Group: Rangroop

Director: Sima Mukhopadhyay

Dramatization: Mainak Sengupta

Source: Sayantani Putatunda


Under the commitment and direction of Sima Mukhopadhyay, Rangroop continues to place women at the centre of its plays, as exemplified by its latest, Garal. Based on the short story by Sayantani Putatunda, the production has received a taut dramatization from Mainak Sengupta, and belongs to an increasing body of recent scripts which explore close mother-son relationships that culminate unfortunately in murderous assaults on vulnerable young women. Notable predecessors include Like Comment Share by Swati Roy of the Bengali group Oihik, and the award-winning Hollywood film debut Searching directed by Aneesh Chaganty.

Putatunda sets her story in an elderly couple’s dilapidated house, eyed by promoters. The wife runs the impoverished home, her immediate troubles revolving around her ailing, nearly bedridden husband and an infestation of rodents who regularly scatter all the kitchen utensils. The old family retainer helps her, but for reasons not divulged fully the husband does not trust him and refuses to allow him near himself. His fear of being poisoned and her references to the need of rat poison form the red herrings in the title of the drama.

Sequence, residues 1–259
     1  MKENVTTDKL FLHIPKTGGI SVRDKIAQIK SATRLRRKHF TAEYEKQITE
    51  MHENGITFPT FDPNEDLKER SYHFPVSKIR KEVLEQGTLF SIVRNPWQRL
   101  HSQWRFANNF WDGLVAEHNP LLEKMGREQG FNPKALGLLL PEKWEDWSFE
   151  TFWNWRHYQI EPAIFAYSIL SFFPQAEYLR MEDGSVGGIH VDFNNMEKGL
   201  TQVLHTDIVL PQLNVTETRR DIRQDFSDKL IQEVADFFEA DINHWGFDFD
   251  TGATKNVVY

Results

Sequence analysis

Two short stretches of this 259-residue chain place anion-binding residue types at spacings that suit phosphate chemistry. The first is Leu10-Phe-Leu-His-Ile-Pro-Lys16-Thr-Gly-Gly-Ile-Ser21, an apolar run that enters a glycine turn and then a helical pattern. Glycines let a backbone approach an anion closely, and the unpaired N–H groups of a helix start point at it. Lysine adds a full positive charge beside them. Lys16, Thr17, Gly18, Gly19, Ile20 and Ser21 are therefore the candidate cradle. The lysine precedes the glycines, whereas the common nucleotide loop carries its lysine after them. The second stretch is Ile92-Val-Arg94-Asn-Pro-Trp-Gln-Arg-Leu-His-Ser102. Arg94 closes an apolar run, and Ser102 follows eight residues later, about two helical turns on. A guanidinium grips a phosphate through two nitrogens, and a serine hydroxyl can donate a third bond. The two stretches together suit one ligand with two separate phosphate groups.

The real concern of Putatunda and Mukhopadhyay appears somewhat later in the figure of the couple’s young son, who prefers to lead his carefree life as far away from his parents as possible. His irresponsibility, involvement with bad company, and his mother’s protectiveness toward him lead to an unexpectedly harrowing turn of events and his escape from certain arrest. Years after, a friend of his shows up, bringing news from him in Dubai. The subsequent sudden conclusion comes even more unpredictably and leaves us thinking, to join the dots in a state of shock.

Mukhopadhyay scores yet again, not just as a tight director but equally as the indulgent mother who takes a strong decision. She gets fine support in character from Jayanta Mitra (the father) and Jagannath Chakraborty (the retainer). The two younger men have secondary roles, which they present according to the requirements of the plot.

(From The Times of India, 13 March 2020)